Farewell to our chief

  • Mar. 10, 2008 8:00 p.m.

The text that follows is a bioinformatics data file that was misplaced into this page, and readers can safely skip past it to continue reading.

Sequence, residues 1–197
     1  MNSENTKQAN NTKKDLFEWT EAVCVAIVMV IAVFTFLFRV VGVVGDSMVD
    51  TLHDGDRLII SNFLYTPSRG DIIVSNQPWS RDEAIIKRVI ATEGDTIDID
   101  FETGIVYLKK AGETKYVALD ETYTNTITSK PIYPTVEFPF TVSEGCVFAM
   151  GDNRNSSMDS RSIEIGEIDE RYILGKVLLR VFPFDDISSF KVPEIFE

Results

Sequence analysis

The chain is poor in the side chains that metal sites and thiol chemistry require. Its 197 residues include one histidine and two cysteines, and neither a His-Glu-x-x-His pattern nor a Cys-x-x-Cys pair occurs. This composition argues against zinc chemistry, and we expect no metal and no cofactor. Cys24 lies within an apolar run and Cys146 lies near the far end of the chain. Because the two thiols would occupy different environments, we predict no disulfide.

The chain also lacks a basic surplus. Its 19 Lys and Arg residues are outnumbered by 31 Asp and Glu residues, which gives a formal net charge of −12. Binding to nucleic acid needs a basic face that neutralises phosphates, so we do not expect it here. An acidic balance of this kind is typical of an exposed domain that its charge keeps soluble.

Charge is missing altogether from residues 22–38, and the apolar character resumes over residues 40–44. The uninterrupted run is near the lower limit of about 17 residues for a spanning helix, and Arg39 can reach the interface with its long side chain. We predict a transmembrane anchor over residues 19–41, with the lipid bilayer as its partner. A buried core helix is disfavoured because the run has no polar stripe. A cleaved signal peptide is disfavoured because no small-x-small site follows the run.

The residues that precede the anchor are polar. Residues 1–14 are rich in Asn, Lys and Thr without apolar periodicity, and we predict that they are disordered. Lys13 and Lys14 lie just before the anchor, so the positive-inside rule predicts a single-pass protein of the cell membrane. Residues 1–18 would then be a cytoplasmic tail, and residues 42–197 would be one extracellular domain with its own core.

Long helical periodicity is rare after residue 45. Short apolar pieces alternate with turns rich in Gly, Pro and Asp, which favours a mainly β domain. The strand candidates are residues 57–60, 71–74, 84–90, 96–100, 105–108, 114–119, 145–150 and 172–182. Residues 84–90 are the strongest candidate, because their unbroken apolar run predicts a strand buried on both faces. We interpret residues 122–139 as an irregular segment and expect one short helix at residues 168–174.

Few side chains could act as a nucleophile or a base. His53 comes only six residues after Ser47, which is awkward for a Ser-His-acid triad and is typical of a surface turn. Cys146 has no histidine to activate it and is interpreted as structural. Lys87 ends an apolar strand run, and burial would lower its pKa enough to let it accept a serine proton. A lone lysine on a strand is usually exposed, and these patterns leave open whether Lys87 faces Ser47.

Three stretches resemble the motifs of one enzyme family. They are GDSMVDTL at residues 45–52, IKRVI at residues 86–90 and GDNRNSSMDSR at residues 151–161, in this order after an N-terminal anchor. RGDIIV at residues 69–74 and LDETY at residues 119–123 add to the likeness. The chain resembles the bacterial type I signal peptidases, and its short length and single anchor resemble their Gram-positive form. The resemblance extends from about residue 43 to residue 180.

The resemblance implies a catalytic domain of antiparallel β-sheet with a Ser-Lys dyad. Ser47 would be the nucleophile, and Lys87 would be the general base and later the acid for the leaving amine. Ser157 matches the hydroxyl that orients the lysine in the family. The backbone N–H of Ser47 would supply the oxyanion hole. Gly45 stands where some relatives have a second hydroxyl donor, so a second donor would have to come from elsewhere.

By Oriana Wesley, Special to the Observer-A carpet of red roses draped the casket, with flowers of all sorts from carnations to cedar roses banking the front of the hall Saturday for the funeral for Chief Skidegate-Dempsey Collinson.Collages of pictures of Dempsey, Irene and family and friends were posted on the walls for everyone to see. So many smiles in those pictures, with fond memories of fishing, Hawaii, barbecues, and all the other activities that fill up a life of a bigger-than-life man. Chairs lined the hall with small Haida Nation flags draped on the back of each seat, making the hall look like a sea of red. The hall was filled to standing room only with more people standing outside in the chilly weather just for a chance to pay their last respects.Mounted Police in their red serge stood sentinel at the casket. Dempsey was a chief who took care of his people. He always made sure his village had fish, ghow, and other food. He was no respecter of a person’s status in life, and would have an open hand and home for anyone anytime. His generosity to others was repaid Saturday with the outpouring of respect at his burial. Stores, banks, and eateries closed down for the day, the flag at the RCMP flew at half-staff. All this was done to honour our great generous chief.The funeral was officiated by Reverend Lily Bell from Masset. Old time hymns were sung, and an old recorded love song sung by the late Godfrey Williams. Miles (Buddy) Richardson read the eulogy. There were tears and there was also laughter at some of the favourite sayings of Dempsey’s. Sayings like calling you “Sport” if he forgot your name, and calling his wife the “War Department”. Some other colourful sayings were: “Haidas are great warriors and great lovers, and I have never been a warrior”, “Damn Monkeys”, and “Holy Crow”. He was a trickster and always had a joke to tell.Dempsey’s casket was carried from the hall to the cemetery by his nephews and grandsons in honour of his importance. There were many arms to help keep the load light. Small crimson Haida Nation flags fluttered on the pickets of the cemetery fence in honour and thanks for all Dempsey has done in his life for the Haida Nation. The drumming and singing filtered through the trees and floated over the water to where Coast Guard boats stood honour guard as well.Dempsey was buried next to his love, Irene. It was a poignant moment to see the flowers on Irene’s grave have not completely faded yet and we all felt for the Collinson children at that moment.The feasting portion of the funeral was truly a feast. It started out with a Haida grace and then as the soups were being served Guujaaw and friends sang the serving song. The array of soups was amazing. There was seafood chowder, halibut chowder, clam chowder, and moose and elk stew. Just as we were getting to the bottom of our soup bowls, the cooks brought out platters of every kind of sandwich, vegetable tray, seafood, and salads you can imagine. The food just never stopped coming. Soon after the savouries were over, the sweets came out. There has never been such an array of sweets at any feast I’ve been at. This all was a display of how well Dempsey and Irene have taught their children to show hospitality and generosity.After the feasting came the speeches. Gary Russ and Paul Pearson were co-emcees. Some of the history of Dempsey’s life was spoken of. When Dempsey became Chief Skidegate on March 23, 1973, he became the first Haida in this century to renew the ancient custom of potlatching to publicly proclaim an event. He married his beloved Irene on June 15, 1951. They were together for over 56 years. I remember the potlatch he held for his and Irene’s 50th wedding anniversary. He wanted to proclaim to the entire village how much he loved his wife and his family. He was so generous in spirit he wanted to share every happy moment with his village.The roe-on-kelp industry originated with Dempsey and Roy Jones Sr. They took a traditional fishery and turned it into a thriving modern industry. Dempsey worked at many jobs over the years and was politically involved in many first nations organizations. He was involved with so many things during his lifetime it would be difficult to name them all.There were many messages from those who could not attend. The most notable messages were from: Gary Coons, Iona Campagnola, Bill Wilson, Geoff Plant, Gordon Campbell, Nathan Cullen, and author of “The Raven’s Cry” Moira Johnson. All spoke of personal encounters with Dempsey and one knew from the messages that these were not just formal, impersonal messages, but they came from the heart of people that had met and been affected by him. There were also many chiefs from Massett, Skidegate, and Port Simpson (Albert Brooks) to speak of their dealings with Dempsey both as co-chiefs of these islands and as friends.Ben Roberts, with his wife and Eddy Hans, sang Blue Eyes Crying in the Rain, and A Goldmine in Heaven, which were Dempsey and Irene’s favourite songs. There were tales told of his many pranks and jokes he’d tell. He was light-hearted and enjoyed his family to be with him. He loved the water and he was there on the boat he loved when he went down. We will all miss his hearty personality here in the village, as he was everyone’s chief. Farewell Chief Sgiidagids, “lid gan nang ‘llaana aawga Sgiidagids” (the chief of us for mother of the village).

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